What is tattoo regret?
According to a study at Northwestern University in the United States (1), about 25% of people with tattoos have some form of regret. Over 20% of American adults have at least one tattoo, which means 5% of the population has tattoo regret.
A survey in England (2) has found that 40% people with tattoos end up regretting having at least one of them done. This on-line survey of 1,200 people was inspired by the fact that an online beauty retailer noted sales of make-up concealers for body art had risen 32% in the past year.
They also found that one in six people hate their tattoos so much they want them surgically removed.
The most common reason for the change of heart is to remove so-called 'tramp stamps' (the band like tattoos women get on their lower back area.)
- 50% of those surveyed worry they will be considered ‘common, uncultured or a bit of a chav' (like Little Britain’s Vicky Pollard).
- 50% said that a person with prominent tattoos was less likely to succeed in business.
- 34% express regret for fear of how they’ll look as they age (and spread and sag).
- 17% said people with tattoos are seen as more likely to have one-night stands.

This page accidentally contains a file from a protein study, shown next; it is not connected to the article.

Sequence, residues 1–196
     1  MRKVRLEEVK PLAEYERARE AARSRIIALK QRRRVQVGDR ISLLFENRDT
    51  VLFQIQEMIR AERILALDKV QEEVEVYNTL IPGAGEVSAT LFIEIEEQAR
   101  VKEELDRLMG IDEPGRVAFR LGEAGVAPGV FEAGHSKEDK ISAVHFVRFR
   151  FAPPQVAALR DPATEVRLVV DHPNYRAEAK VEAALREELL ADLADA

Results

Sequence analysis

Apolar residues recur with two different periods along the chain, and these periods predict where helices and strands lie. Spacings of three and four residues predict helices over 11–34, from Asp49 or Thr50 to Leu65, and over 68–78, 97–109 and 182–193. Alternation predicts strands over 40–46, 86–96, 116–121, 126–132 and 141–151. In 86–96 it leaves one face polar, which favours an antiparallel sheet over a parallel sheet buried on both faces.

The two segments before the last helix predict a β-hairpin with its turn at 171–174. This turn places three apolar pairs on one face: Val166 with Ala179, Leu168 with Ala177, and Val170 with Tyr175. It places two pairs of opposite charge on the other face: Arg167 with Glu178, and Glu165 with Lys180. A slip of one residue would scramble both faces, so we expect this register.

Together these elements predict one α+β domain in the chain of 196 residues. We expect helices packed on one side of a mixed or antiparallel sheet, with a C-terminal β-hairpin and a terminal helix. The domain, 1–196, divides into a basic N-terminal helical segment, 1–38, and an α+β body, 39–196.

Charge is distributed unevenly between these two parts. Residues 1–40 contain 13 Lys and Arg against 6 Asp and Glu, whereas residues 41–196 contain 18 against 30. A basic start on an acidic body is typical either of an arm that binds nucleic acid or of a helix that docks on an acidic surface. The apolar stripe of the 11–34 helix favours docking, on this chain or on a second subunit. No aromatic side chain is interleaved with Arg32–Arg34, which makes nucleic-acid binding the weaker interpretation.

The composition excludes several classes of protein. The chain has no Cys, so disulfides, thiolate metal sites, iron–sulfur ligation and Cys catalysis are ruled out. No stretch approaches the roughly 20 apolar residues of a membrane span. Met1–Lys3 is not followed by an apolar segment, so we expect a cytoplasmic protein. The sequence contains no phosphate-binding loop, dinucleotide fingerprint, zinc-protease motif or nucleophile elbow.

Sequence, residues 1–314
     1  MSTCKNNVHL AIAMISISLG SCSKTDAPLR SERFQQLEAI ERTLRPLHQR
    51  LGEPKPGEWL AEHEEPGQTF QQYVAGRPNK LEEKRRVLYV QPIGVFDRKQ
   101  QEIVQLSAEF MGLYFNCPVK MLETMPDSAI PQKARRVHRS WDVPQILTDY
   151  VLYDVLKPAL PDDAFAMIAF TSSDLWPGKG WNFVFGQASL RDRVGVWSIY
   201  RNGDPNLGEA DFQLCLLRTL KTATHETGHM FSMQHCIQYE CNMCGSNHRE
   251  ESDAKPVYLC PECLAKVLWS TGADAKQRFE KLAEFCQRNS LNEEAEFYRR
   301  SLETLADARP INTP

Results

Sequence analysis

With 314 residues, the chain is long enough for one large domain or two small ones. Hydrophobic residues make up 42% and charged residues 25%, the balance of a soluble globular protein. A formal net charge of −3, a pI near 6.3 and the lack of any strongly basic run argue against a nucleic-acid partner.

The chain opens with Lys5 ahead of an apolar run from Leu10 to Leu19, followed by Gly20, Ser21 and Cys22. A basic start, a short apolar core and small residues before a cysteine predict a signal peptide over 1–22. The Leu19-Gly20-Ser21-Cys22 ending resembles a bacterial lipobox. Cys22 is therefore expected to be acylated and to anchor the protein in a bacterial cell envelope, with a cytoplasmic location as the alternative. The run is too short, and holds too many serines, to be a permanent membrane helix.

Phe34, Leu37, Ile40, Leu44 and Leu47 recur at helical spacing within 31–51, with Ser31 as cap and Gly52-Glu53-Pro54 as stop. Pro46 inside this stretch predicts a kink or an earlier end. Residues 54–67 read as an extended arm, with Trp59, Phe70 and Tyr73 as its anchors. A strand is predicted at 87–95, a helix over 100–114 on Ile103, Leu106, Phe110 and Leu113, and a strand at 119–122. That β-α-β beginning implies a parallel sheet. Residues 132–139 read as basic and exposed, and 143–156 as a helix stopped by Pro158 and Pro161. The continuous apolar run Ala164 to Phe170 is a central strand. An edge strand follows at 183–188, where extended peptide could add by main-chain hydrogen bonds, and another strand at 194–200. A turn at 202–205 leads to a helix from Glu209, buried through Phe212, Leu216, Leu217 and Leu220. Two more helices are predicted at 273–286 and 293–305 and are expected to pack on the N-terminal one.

But perhaps the most surprising finding of the survey is that a tattoo can be a turn-off even to people who have them. A third of those surveyed said they would be less likely to date someone with prominent tattoos.
Who is getting inked and why?
30% of those surveyed said their tattoo makes them feel more sexy, and 25% said their tattoo makes them feel rebellious. 21% said their tattoo made them feel more attractive and 21% that they felt more strong.
Of those surveyed, 86 percent said they had never regretted their decision to get a tattoo, which means 14%, or 1 in 7 people, have (3).
Who is getting their ink removed?
Women accounted for 73% of procedures.
Out of all ages, 35 to 50-year-olds accounted for 58% of tattoo removals preformed in 2013.
“A number of reasons can influence a person’s decision to seek tattoo removal,” director of the Laser & Skin Surgery Center of New York, Dr. Roy G. Geronemus, told Medical Daily. “Young woman become mothers, people experience changes in work status, and sometimes it’s just a matter of maturity. We call it 'Tattoo Remorse.'” (3)
Have we reached the ink peak? Is it all downhill from here? Is getting a tattoo enough now to prove your individuality (if it ever was) or is it now too mainstream to be cool?
And what happens as we age and change and grow? Will the tattoos of our youth still fit us as well as our favourite old jeans? And what will our children think?
As one man who is currently going through the process of tattoo removal says:
"I'd been thinking of having them removed for ages," he says, "but the icing on the cake was when I went to take my five-year-old daughter off for her first day at school and she said to me, ‘Dad, can you please wear long sleeves.’" It almost broke his heart.
It's a moment most of Generation Inked is yet to face (4).
BUT, it’s never too late.